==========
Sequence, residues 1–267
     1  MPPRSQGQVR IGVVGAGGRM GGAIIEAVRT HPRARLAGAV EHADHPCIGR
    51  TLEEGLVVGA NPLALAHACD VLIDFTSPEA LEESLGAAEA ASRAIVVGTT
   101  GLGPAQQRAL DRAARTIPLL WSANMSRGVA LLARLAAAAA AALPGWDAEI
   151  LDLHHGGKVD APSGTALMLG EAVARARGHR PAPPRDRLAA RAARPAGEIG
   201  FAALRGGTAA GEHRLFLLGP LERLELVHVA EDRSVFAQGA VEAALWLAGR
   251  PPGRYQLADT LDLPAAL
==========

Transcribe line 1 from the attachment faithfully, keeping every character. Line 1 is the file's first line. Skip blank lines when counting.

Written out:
Sequence, residues 1–267